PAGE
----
The Mariners have officially struck a deal to acquire outfielder Leonys Martin and righty Anthony Bass from the Rangers in exchange for right-handed reliever Tom Wilhelmsen, outfielder James Jones, and a player to be named later.
Martin had fallen out of favor in Texas after a rough 2015 season. The 27-year-old is an outstanding defender and major threat on the bases, but he slashed just .219/.264/.313 over 310 plate appearances. In the meantime, the Rangers found a Rule 5 gem in Delino DeShields Jr. While he and Martin made for a natural platoon pairing, there seemed to be some discord between Martin and the club after he was left off of the playoff roster and then refused to participate in Instructional League as a way to stay ready in case he was needed.
New Mariners GM Jerry Dipoto said that he sees Martin as a victim of bad luck — citing his .270 BABIP last year, which fell well below his .313 career mark — who ought to turn things around. (Via Ryan Divish of the Seattle Times, on Twitter.) It appears that Martin will go right to the top of the depth chart in Seattle, though Dipoto also told reporters tonight that another outfield addition could still be in the offing. It’s a good bet, though, that the team won’t now chase top free agents such as Dexter Fowler or Denard Span.
In addition to adding three years of control over Martin, Seattle will pick up three arb seasons of Bass. He represents a useful arm who will help maintain the Mariners’ bullpen depth. The 28-year-old comes with three years of arb control. He contributed only a 4.50 ERA last year, with 6.3 K/9 against 2.8 BB/9, but tossed 64 innings and drew more positive reviews from advanced metrics. While Wilhelmsen had represented a late-inning option, Dipoto had already gone out and added veteran set-up man Joaquin Benoit. But the club’s pen struggled last year, and adding Bass in this trade helps to guard against any scrambling for innings.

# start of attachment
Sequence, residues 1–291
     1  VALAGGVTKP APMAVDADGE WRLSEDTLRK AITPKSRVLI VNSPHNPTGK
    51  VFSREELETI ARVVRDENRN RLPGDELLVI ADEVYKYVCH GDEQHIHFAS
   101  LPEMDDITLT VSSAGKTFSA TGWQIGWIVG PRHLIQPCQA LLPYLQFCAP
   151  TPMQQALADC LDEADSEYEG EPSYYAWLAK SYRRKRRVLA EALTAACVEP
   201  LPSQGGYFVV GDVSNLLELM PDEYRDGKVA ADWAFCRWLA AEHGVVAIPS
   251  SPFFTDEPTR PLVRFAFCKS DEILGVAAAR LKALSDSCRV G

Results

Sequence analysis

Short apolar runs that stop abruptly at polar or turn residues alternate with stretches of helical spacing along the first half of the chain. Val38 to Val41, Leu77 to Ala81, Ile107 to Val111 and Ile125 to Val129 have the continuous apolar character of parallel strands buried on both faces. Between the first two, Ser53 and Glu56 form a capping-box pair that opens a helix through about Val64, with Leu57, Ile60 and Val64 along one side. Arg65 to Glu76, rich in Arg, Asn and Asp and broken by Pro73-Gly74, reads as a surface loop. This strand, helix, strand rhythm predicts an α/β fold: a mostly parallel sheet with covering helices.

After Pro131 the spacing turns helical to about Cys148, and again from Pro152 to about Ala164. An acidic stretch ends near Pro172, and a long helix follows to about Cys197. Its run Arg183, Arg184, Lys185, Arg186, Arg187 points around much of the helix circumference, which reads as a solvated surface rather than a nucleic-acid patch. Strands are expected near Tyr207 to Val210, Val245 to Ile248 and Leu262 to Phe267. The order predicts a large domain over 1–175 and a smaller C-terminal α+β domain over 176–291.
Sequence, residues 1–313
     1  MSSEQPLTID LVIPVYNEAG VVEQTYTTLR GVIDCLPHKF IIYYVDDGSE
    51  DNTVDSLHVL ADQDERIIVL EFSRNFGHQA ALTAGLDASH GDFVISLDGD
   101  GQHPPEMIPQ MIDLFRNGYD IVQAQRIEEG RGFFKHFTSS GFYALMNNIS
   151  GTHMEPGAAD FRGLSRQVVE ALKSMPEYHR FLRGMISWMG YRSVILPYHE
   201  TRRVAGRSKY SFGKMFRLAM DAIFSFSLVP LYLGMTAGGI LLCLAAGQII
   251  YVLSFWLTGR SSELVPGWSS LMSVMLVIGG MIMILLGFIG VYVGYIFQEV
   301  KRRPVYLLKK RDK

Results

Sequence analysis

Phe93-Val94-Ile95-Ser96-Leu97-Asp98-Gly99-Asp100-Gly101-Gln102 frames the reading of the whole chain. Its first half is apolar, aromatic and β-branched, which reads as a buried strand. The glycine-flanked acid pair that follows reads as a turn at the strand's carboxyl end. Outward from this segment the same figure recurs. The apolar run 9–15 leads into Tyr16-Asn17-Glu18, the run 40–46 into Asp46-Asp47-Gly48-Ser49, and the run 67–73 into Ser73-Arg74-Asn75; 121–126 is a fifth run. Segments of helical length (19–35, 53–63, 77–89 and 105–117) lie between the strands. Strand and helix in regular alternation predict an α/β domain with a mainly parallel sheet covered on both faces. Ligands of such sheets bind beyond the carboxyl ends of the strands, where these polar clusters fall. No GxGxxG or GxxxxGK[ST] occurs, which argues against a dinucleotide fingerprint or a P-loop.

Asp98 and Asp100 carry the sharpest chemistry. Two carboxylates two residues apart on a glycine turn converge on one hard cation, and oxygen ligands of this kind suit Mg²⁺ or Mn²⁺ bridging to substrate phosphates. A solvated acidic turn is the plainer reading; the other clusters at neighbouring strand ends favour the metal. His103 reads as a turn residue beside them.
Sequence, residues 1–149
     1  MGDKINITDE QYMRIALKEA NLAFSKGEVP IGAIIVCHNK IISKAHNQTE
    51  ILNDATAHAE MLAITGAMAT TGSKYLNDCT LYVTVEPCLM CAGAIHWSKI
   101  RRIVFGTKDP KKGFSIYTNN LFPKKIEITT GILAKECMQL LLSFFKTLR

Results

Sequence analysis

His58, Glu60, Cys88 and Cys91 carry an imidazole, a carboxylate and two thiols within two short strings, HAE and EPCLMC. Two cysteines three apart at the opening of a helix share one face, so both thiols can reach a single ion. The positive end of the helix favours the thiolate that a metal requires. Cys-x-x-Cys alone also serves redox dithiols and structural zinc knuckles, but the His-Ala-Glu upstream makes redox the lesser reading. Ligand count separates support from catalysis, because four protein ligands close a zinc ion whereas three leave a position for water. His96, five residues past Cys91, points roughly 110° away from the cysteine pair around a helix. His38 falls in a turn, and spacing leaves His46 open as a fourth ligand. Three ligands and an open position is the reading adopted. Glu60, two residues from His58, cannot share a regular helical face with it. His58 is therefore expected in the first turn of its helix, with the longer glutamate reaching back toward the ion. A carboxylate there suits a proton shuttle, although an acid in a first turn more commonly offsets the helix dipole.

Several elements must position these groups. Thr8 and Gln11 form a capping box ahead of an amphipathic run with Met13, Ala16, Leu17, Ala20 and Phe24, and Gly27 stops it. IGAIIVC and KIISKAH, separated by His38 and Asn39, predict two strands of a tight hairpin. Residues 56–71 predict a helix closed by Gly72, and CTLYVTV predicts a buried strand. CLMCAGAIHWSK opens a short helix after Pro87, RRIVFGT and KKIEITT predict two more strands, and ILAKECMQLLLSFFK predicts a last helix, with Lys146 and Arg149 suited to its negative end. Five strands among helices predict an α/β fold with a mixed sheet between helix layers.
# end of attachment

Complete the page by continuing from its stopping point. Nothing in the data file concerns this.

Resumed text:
Texas, meanwhile, will add two seasons of Wilhelmsen, a 31-year-old righty who possesses a mid-90s heater. The veteran has thrown over 300 frames in the majors, working to a 2.97 overall ERA with 8.5 K/9 against 4.0 BB/9. He was right in that range in 2015, but continued a trend of posting earned run results that are much better than ERA estimators would expect. (For his career, Wilhelmsen has a 3.39 FIP, 3.94 xFIP, and 3.67 SIERA.)
Wilhelmsen figures to bolster a Rangers’ late-inning relief corps that has its share of questions. While pitchers like Shawn Tolleson, Keone Kela, Jake Diekman, and Sam Dyson all turned in quality seasons, there are enough question marks with that group that another good arm made sense.
And Jones is more than a throw-in, as he could ultimately be a cheaper and more controllable version of Martin. The left-handed hitter has not shown much of anything in his 400+ major league plate appearances, but has generally been rather productive at the plate in the high minors. Notably, last year, he not only put up a solid .294/.373/.423 batting line at Triple-A, but struck out only 68 times (against 53 walks) in his 501 trips to the plate — representing a huge improvement over prior seasons. While he may not possess an elite glove, Jones has swiped 28 bags in his limited MLB action. He could make for a useful pairing with DeShields up the middle.
While this deal shifts the assets between the clubs, it’s worth noting that it won’t have much impact on their respective payroll situations. MLBTR projects Martin to earn $3.75MM next year, matching his salary from 2015 — he would have only been projected at $1.6MM without that starting point — while Bass lands at $1.1MM. Meanwhile, the arb model pegs Wilhelmsen at an even $3MM.
Photo courtesy of USA Today Sports Images.